Exploratory Factor Analysis

Measurement Invariance and Multiple Group Analysis

October 23rd, 2020 by

Creating a quality scale for a latent construct (a variable that cannot be directly measured with one variable) takes many steps. Structural Equation Modeling is set up well for this task.

One important step in creating scales is making sure the scale measures the latent construct equally well and the same way for different groups of individuals.


Why Adding Values on a Scale Can Lead to Measurement Error

July 22nd, 2020 by

Whenever you use a multi-item scale to measure a construct, a key step is to create a score for each subject in the data set.

This score is an estimate of the value of the latent construct (factor) the scale is measuring for each subject.  In fact, calculating this score is the final step of running a Confirmatory Factor Analysis.


Life After Exploratory Factor Analysis: Estimating Internal Consistency

June 25th, 2018 by

After you are done with the odyssey of exploratory factor analysis (aka a reliable and valid instrument)…you may find yourself at the beginning of a journey rather than the ending.

The process of performing exploratory factor analysis usually seeks to answer whether a given set of items form a coherent factor (or often several factors). If you decide on the number and type of factors, the next step is to evaluate how well those factors are measured.


Confirmatory Factor Analysis: How To Measure Something We Cannot Observe or Measure Directly

June 18th, 2018 by

Many times in science we are intrigued to measure an underlying characteristic that cannot be observed or measured directly. This measure is hypothesized to exist to explain variables, such as behavior, that can be observed.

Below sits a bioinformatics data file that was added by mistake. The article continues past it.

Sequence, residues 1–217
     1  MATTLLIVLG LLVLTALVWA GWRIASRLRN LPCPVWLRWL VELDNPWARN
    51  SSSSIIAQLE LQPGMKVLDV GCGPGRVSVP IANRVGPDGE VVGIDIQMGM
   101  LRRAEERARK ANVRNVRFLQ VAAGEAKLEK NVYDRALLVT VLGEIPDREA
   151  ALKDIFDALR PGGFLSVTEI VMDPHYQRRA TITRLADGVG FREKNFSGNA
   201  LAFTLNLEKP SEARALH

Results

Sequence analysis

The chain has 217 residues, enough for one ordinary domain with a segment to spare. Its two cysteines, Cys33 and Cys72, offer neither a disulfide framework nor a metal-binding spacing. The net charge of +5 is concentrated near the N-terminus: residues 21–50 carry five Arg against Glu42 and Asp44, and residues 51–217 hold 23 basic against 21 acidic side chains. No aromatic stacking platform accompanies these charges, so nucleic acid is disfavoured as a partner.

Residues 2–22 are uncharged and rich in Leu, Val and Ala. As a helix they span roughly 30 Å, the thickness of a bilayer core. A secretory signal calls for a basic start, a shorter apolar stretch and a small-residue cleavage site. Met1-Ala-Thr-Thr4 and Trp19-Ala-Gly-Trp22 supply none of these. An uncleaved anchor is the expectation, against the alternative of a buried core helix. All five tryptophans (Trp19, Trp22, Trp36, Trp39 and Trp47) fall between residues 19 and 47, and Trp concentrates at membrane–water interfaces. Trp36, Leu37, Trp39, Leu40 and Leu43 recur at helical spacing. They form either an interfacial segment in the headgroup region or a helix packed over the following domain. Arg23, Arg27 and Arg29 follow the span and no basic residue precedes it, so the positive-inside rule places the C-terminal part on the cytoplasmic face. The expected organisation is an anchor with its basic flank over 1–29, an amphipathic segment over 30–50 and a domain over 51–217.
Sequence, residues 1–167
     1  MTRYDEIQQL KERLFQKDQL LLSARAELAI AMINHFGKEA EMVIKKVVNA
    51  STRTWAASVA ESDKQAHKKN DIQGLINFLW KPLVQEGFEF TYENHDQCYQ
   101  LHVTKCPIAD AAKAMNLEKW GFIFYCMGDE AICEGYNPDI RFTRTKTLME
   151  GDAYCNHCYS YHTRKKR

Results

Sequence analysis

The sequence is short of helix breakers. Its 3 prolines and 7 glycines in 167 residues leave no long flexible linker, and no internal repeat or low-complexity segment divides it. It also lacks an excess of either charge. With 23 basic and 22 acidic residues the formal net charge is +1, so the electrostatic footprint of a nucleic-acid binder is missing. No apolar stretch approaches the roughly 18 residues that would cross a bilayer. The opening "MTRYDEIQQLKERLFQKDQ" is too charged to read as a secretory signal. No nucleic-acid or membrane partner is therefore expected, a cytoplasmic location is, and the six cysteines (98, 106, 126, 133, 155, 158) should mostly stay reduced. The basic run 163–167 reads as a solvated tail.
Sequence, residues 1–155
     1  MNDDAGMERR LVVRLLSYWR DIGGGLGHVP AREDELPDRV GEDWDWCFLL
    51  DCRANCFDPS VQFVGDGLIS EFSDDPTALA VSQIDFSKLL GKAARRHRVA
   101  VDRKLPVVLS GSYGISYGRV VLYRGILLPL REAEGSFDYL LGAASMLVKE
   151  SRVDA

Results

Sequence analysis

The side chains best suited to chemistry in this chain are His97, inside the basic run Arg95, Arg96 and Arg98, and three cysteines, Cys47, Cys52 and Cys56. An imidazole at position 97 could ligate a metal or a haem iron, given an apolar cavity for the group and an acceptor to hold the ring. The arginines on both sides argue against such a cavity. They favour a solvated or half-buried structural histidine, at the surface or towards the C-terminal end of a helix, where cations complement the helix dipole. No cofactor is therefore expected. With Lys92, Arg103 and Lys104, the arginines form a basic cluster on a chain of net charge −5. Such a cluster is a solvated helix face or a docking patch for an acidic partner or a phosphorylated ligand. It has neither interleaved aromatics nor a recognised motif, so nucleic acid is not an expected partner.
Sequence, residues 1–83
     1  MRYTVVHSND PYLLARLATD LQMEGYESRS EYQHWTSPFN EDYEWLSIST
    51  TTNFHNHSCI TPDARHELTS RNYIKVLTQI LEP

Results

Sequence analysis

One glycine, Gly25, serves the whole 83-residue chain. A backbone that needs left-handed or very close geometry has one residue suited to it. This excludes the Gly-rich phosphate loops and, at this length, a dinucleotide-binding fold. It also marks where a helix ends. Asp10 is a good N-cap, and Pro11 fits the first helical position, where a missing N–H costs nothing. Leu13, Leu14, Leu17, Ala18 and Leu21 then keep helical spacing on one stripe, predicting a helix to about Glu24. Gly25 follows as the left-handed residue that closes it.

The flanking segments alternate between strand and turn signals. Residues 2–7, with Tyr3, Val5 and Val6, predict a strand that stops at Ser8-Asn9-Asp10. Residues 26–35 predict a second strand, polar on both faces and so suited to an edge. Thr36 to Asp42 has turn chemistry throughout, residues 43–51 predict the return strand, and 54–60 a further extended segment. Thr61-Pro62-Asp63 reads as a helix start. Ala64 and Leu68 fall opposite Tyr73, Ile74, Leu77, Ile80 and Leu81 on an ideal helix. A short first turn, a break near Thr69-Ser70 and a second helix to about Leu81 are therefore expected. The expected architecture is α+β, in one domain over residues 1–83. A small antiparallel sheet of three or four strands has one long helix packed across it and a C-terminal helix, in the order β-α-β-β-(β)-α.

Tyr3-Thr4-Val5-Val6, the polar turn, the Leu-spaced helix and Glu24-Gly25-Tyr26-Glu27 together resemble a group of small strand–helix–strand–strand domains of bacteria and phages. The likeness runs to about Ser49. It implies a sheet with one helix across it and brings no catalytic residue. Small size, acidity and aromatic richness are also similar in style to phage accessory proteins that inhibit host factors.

The measurable variables are called manifest variables. The unmeasurable are called latent variables.

Latent variables are often called factors, especially in the context of factor analysis.


Four Common Misconceptions in Exploratory Factor Analysis

June 5th, 2018 by

Today, I would like to briefly describe four misconceptions that I feel are commonly perceived by novice researchers in Exploratory Factor Analysis:

Misconception 1: The choice between component and common factor extraction procedures is not so important.

In Principal Component Analysis, a set of variables is transformed into a smaller set of linear composites known as components. This method of analysis is essentially a method for data reduction.


Can You Use Principal Component Analysis with a Training Set Test Set Model?

January 20th, 2017 by

I recently gave a free webinar on Principal Component Analysis. We had almost 300 researchers attend and didn’t get through all the questions. This is part of a series of answers to those questions.

If you missed it, you can get the webinar recording here.

Question: Can you use Principal Component Analysis with a Training Set Test Set Model?

Answer: Yes and no.

Principal Component Analysis specifically could be used with a training and test data set, but it doesn’t make as much sense as doing so for Factor Analysis.

That’s because PCA is really just about creating an index variable from a set of correlated predictors.

Factor Analysis is an actual model that is measuring a latent variable. Any time you’re creating some sort of scale to measure an underlying construct, you want to use Factor Analysis.

Factor Analysis is definitely best done with a training and test data set.

In fact, ideally, you’d run multiple rounds of training and test data sets, in which the variables included on your scale are updated after each test. (more…)